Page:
Chikama, Ittoma, Toma Ma Ai

refers to the engagement distance between yourself and an opponent. How you might elect to move can be determined by the magnitude of this distance. There are three primary distances that we consider when deciding how to move. Chikama Chikama (or Chika Ma) refers to a short distance. This usually means that the opponent is Read More …

Bunkai

In Japanese Bunkai means disassembly, dismantling, or analysis. In mathematical terms it refers to factorization. When used in a martial arts context it usually refers to analysis, explanation, or justification for a movement or series of movements. In essence it means knowing why and ultimately the purpose for performing a sequence of actions. But the term Read More …

Inducement

Within the Tensoku Ryu system it is considered to be inappropriate and a violation of our basic principles to goad or otherwise chide a person into a physical confrontation. We do not wish to engage in name calling, challenges, or other practices that may cause someone to unnecessarily attack us. If someone is harassing us Read More …

An Introduction to Energy

Energy comes in only two primary forms. Potential energy and kinetic energy. Potential energy is any stored form of energy. This can take many different forms, which we will discuss in a moment. Kinetic energy is the energy of motion. When something is moving it possesses kinetic energy. Examples of kinetic energy include a planet Read More …

Fundamental Physics

Physics represents a key area of study in the martial arts. No motion is possible without one or more fundamental laws of physics being involved somehow. Let’s explore a few of these fundamental laws and how they may apply to some common martial arts movements. Newton’s Laws of Motion Perhaps the most fundamental laws deal Read More …

Angular and Tangential Velocities

Angular Velocity is a measure of how quickly something moves about a fixed point. In other words, how quickly something moves about the circumference of a circle. The speed of this movement is normally measured in radians or degrees per unit of time, most commonly seconds (though if you were measuring the movement of stars Read More …

Disproportionality

Disproportionality refers to doing something and then doing something related with a different degree of commitment. This is often applied to both speed and , but it can apply to and a great many other aspects of your training as well. When applied to speed you might move at one speed (say 75% of full Read More …

Rotational Delivery

Within Tensoku Ryu when we issue a block we want to ensure the block makes contact with the opponent using what we refer to as rotational delivery. This method of blocking provides many benefits often not considered or available with typical blocking methodologies. We will cover these basic delivery mechanisms for this blocking style and Read More …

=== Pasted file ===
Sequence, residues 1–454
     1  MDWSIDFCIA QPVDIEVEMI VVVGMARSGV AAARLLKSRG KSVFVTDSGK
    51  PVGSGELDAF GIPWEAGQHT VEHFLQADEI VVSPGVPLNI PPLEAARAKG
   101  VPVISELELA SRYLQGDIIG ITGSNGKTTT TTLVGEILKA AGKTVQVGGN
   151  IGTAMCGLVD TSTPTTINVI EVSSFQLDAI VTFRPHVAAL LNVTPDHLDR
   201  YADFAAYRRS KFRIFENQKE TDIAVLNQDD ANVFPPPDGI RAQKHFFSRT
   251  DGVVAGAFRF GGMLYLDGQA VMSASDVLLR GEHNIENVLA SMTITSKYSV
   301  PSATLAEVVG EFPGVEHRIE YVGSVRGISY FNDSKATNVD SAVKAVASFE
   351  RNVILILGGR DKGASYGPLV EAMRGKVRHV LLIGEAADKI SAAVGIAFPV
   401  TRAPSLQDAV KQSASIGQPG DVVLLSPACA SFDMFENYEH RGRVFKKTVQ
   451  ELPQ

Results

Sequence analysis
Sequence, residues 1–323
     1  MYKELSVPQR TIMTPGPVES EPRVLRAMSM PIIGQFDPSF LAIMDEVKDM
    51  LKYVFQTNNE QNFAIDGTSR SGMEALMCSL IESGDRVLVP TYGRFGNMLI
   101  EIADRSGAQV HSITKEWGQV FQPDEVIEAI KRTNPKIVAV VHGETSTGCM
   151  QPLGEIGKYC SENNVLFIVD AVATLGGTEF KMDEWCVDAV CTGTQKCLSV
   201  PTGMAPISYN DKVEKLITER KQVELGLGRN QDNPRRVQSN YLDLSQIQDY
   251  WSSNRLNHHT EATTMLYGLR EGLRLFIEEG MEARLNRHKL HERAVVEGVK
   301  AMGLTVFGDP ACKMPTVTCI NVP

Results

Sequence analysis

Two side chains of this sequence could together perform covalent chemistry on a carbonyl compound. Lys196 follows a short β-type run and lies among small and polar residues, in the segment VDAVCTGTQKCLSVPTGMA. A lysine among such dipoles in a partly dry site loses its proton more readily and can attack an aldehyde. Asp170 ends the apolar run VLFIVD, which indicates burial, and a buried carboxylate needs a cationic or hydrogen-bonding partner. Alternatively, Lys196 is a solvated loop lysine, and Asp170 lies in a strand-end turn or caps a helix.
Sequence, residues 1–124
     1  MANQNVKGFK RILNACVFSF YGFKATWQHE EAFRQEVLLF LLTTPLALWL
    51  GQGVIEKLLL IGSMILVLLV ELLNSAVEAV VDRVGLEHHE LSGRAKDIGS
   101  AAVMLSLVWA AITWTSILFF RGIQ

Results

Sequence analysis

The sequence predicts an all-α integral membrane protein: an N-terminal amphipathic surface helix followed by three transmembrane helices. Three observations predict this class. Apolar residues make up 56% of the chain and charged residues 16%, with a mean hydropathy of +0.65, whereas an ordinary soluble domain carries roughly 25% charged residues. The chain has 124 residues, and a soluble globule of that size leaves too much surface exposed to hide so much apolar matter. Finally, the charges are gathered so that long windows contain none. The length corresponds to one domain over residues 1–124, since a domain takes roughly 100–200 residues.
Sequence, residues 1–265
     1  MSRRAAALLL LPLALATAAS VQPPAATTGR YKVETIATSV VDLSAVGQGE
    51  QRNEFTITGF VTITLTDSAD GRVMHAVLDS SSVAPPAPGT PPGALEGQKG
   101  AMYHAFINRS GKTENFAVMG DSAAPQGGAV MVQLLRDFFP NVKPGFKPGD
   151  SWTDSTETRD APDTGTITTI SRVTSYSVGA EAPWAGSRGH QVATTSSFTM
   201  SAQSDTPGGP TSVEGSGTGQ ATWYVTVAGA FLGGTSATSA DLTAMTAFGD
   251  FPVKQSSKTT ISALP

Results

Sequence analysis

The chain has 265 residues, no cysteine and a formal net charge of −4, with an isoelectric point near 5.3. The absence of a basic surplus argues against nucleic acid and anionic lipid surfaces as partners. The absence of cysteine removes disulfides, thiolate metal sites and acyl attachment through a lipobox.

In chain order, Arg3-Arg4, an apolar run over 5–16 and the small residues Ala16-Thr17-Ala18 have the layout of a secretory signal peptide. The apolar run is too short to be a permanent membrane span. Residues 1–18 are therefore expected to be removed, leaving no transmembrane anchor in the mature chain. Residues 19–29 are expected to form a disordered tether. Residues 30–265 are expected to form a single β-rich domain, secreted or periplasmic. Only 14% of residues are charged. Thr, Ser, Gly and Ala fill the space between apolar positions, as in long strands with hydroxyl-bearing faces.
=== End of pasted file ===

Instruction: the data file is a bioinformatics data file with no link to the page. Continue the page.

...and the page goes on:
Hyoshi (Timing)

Timing is another key element of training in Tensoku Ryu. There is an age-old question in the martial arts that goes, “Is it better to know how to move, or when to move?” People with limited experience will often answer that “how to move” is most important. People with significant experience will knowingly answer that Read More …

Ma Ai (Distance)

Ma Ai refers to distance, but more importantly it suggests an awareness of distance. You will need to study distance and distancing a great deal. You need to know instantaneously if your opponent is in range, and if so, what strikes or maneuvers you might employ against them at their current (or future) range. Furthermore, you Read More …

Front and Back

You would think the concept of front and back would be quite straight forward. Unfortunately, it can be confusing. Within Tensoku Ryu we have established well-defined practices for carefully noting what is the front and what is the back. Why do we get so involved in defining what should seem pretty obvious? Look at the Read More …

The Destroy Concept

Destroy or destruction is the final escalation level in the Tensoku Ryu ETD Model. We utilize this level of the model when escaping and thwarting options are not available to us for some reason. Let me start off by saying emphatically that Destroy does NOT imply that you should kill your opponent. This is absolutely Read More …

ETD Model

In Tensoku Ryu we have a core concept that we refer to as Escape, Thwart, and Destroy, often abbreviated as ETD.  These can be thought of as levels of escalation, engagement, or conditions of necessity.  Like the , there are many different perspectives from which this concept can be viewed and it will take a Read More …

The Thwarting Concept

The second level of engagement in our ETD Model involves thwarting or disrupting an attack. The important distinction here is that you have not been able to successfully escape prior to an attack and now must deal with the initial attack and/or subsequent attacks from your opponent. The primary goal here is to disrupt or Read More …